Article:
Lecca, Radú°

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LECCA, RADÚ ° (c. 1902–c. 1980), Romanian agent of the German Nazi Party's Foreign Policy Department and "head of Jewish affairs" in various Romanian ministries. Lecca had ties to the Nazis well before the German-Romanian alliance. He had served as a correspondent for a Nazi Party paper and also for a German newspaper. In 1941 he became the liaison officer for the Antonescu regime with the German legation in Bucharest and in November 1941 Lecca was first put in charge of the "Jewish Problem" by the Romanian government in compliance with the orders of the German embassy in Bucharest. The embassy at this time was successfully pressing for anti-Jewish measures styled on the *Nuremberg Laws. It was Lecca who was to supervise and execute these measures, especially those involving economic despoliation of the Jewish communities. The "Jewish Center" (the only officially recognized Jewish body), which was established in January 1942 after the dissolution of the "Union of Jewish Communities," operated under his personal supervision. Lecca received his orders directly from Gustav Richter, *Eichmann's deputy in Romania. Lecca exploited his position to extort huge sums from the Jewish population, and apart from his personal gains he also used these sums to contribute to various institutions (such as the social welfare institutions under the direction of *Antonescu's wife) and to give gifts to individuals, thus enabling him to gain closer association with the ruling clique. Lecca supported plans for the deportation of Jews to death camps, but when Antonescu did not consent to the deportations, and planned their continued economic exploitation, Lecca in turn informed Richter of the details of decisions taken by the Romanian government regarding the treatment of Jews, notably, the plan of December 1942 to permit the Jews deported to *Transnistria to migrate to Palestine in return for sums of money. The plan was dropped as a result of immediate German pressure. The Jews, faced with financial ruin as a result of the antisemitic measures, were forced to sell even their last possessions in order to continue to pay the blackmail in the form of heavy taxes and special fines periodically imposed by Lecca. At the postwar trials against Antonescu's government in 1946, Lecca received the death sentence, but it was commuted to life imprisonment. After a period of time, that sentence was also commuted and he lived out his final years on a government pension as a former Romanian official.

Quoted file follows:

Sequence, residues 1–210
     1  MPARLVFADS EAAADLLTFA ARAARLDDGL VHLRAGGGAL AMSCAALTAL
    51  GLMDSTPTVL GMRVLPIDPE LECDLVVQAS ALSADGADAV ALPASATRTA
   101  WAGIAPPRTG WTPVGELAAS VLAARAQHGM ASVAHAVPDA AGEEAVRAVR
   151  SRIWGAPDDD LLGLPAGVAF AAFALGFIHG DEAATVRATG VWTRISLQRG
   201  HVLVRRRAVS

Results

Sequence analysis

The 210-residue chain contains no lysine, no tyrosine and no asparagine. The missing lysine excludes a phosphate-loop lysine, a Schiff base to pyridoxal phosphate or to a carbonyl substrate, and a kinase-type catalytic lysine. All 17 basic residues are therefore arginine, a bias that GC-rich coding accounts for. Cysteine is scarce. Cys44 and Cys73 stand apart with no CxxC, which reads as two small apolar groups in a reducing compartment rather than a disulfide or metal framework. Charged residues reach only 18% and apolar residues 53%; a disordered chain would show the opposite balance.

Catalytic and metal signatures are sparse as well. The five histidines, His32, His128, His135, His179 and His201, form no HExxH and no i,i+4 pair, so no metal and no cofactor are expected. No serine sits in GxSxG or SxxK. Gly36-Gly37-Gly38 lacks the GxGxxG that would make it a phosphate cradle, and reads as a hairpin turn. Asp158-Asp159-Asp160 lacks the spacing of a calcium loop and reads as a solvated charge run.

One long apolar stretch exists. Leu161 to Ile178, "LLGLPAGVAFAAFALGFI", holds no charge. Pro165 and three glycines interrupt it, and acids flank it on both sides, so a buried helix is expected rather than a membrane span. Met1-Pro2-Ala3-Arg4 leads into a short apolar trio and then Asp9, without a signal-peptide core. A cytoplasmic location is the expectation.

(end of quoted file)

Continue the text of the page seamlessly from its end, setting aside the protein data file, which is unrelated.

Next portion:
T. Lavi, Yahadut Romanyah ba-Ma'avak al Haẓẓalatah (1965), index; Broszat, in: Gutachten des Instituts fuer Zeitgeschichte (1958), 102–83; M. Carp, Cartea Neagrǎ, 3 (1947), index.

[Theodor Lavi]